My Mother, Brokenhearted

Went to vis­it a friend by the water, deter­mined not to let her grief be seen in the town where she lived. Where the heart­break­er man lived. 

There, on the beach, she was tan­ning and cry­ing beneath her sun­glass­es. She was sit­ting and read­ing on the out­side. A straw­ber­ry between her fin­gers she bit but oth­er­wise she was unin­ter­est­ed.

A man sit­ting on the rocks was watch­ing her. My moth­er’s friend, a woman who soaked her­self in per­fume even for a day on the beach, report­ed it. My moth­er had fall­en in love for the first time in her life and the man she had fall­en in love with was off to mar­ry anoth­er woman at the man­date of his moth­er. A hideous brunette. In her telling of this sto­ry I always want to stop her and ask, how could this not have turned you off indef­i­nite­ly? But I know now that the heart is exact­ly that, the heart.

The man left the rocks, he approached. He was alone in the sea­side town and want­ed to know if per­haps the two ladies would like an ice-cream, or a cof­fee by the board­walk café.

My moth­er was shy and beau­ti­ful with dancer’s legs and a beau­ti­ful tan from just days in the sun. She would have been wear­ing a pair of rosegold hoop ear­rings. She would have been smok­ing with this nib­bled straw­ber­ry in her hand.

The man looked straight at my moth­er when he asked these things. Would you like an ice cream? Would a cof­fee be nice right now? In the shat­ter­ing sun­light the man, as a ges­ture of open­ness, as an act of vul­ner­a­bil­i­ty, removed his sun­glass­es to address my moth­er. His voice was slow and low. He spoke soft­ly, like a bird­watch­er. He want­ed to come clos­er but he knew very well to be patient, to be soft-foot­ed. These are the things she could feel even now, so many years lat­er. 

The per­fumed friend did the arrang­ing. The man was return­ing home the fol­low­ing day and he want­ed to meet for a cock­tail that evening. My moth­er only half-heart­ed­ly par­tic­i­pat­ed in the con­ver­sa­tion. Enough to be polite but it could have been a scare­crow she was speak­ing to. My moth­er was whol­ly gone. Sunglasses on.

Evening came and they met at a small café not far from the water. My moth­er’s perfumed friend dressed and reit­er­at­ed that this was for my moth­er’s ben­e­fit only, this meet­ing.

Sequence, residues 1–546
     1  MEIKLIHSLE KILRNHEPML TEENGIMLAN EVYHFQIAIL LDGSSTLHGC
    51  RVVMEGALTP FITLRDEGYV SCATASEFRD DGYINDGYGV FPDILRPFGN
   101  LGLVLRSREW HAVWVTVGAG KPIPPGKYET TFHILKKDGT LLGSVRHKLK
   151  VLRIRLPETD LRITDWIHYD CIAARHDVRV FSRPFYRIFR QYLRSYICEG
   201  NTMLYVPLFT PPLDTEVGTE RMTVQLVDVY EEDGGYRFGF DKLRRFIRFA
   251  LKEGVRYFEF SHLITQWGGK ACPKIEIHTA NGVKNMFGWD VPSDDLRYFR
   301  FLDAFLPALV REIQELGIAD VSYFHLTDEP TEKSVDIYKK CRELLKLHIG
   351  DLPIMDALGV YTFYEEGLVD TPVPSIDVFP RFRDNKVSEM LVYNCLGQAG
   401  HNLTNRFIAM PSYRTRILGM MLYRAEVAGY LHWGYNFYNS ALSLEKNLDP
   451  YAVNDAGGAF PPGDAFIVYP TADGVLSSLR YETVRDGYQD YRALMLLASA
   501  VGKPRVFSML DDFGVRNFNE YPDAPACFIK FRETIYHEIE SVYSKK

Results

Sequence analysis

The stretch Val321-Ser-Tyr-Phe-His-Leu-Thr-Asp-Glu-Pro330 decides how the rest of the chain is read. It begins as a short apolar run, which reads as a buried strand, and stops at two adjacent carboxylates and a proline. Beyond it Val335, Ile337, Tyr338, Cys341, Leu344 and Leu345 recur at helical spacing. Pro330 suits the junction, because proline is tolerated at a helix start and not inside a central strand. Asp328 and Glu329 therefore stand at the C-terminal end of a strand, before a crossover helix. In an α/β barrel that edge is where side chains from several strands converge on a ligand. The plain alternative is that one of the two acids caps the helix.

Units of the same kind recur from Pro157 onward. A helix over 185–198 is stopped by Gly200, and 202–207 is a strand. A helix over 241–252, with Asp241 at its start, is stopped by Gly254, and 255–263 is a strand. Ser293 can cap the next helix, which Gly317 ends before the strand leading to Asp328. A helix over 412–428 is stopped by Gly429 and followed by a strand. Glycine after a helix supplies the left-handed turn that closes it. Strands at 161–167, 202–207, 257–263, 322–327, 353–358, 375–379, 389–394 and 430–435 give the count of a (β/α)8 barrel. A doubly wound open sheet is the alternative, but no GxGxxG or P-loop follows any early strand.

When the man saw them approach, he stood up. My moth­er saw him then for the first time. He said, it is nice to see your eyes.

A beau­ti­ful man. Wolfish grey eyes and hair he swept ner­vous­ly back, thick and dark and slight­ly pep­pered. So she knew he was old­er. Fifteen years. Nearing forty when my moth­er was a mere twen­ty-five, her heart in her hands. He had groomed brows, dark and thick. A fem­i­nine mouth. His cheek­bones, like my moth­er’s, high. Already a slight wrin­kle around his eyes.

My moth­er tucked a strand of hair back. She wished that he would touch her, touch the curve of her ear. 

They took drinks and sat at a table. The man and my moth­er was one event in time and the perfumed friend, my moth­er, and the man anoth­er. She was a good sport, the perfumed friend, yet they made inor­gan­ic effort to keep her in the con­ver­sa­tion.

My moth­er was in love and the man was in love and it was in the air and con­crete. You could use the mat­ter of their love to build objects. 

The man said to my moth­er, smoke in his eyes, I am a mar­ried man with a child. He held my moth­er like a ruby in his hand. He was stay­ing in a hotel, yes. Alone, yes. He would not go to the hotel with my moth­er, no. He was blind with love for my moth­er, yes. 

This, at five in the morn­ing, near the hum­ming of the sea. The board­walk full of drunks and lovers. He was pre­oc­cu­pied with sooth­ing her through the sad­ness, his and her own. He tucked her hair behind her ear. He asked if she knew how beau­ti­ful she was, if she under­stood how dif­fi­cult it was, now that he had met her, and he pressed her palm against his chest.

This, he said, this because I tucked a strand of hair behind your ear. You will ruin me.